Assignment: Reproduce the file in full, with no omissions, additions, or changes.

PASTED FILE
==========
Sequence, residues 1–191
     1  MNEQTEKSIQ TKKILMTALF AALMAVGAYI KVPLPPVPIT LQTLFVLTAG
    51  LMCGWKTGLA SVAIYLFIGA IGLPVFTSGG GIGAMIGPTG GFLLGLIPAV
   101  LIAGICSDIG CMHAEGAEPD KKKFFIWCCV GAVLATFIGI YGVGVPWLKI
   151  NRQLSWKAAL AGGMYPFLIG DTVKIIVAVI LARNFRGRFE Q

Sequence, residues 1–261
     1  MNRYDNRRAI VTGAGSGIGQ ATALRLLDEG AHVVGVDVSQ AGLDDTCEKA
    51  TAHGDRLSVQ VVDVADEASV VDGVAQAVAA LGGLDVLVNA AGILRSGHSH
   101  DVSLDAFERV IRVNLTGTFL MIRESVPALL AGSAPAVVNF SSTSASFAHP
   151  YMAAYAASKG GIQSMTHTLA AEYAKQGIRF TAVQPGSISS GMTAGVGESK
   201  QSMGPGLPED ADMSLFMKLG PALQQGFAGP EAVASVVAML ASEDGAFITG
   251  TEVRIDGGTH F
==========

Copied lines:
Sequence, residues 1–191
     1  MNEQTEKSIQ TKKILMTALF AALMAVGAYI KVPLPPVPIT LQTLFVLTAG
    51  LMCGWKTGLA SVAIYLFIGA IGLPVFTSGG GIGAMIGPTG GFLLGLIPAV
   101  LIAGICSDIG CMHAEGAEPD KKKFFIWCCV GAVLATFIGI YGVGVPWLKI
   151  NRQLSWKAAL AGGMYPFLIG DTVKIIVAVI LARNFRGRFE Q

Sequence, residues 1–261
     1  MNRYDNRRAI VTGAGSGIGQ ATALRLLDEG AHVVGVDVSQ AGLDDTCEKA
    51  TAHGDRLSVQ VVDVADEASV VDGVAQAVAA LGGLDVLVNA AGILRSGHSH
   101  DVSLDAFERV IRVNLTGTFL MIRESVPALL AGSAPAVVNF SSTSASFAHP
   151  YMAAYAASKG GIQSMTHTLA AEYAKQGIRF TAVQPGSISS GMTAGVGESK
   201  QSMGPGLPED ADMSLFMKLG PALQQGFAGP EAVASVVAML ASEDGAFITG
   251  TEVRIDGGTH F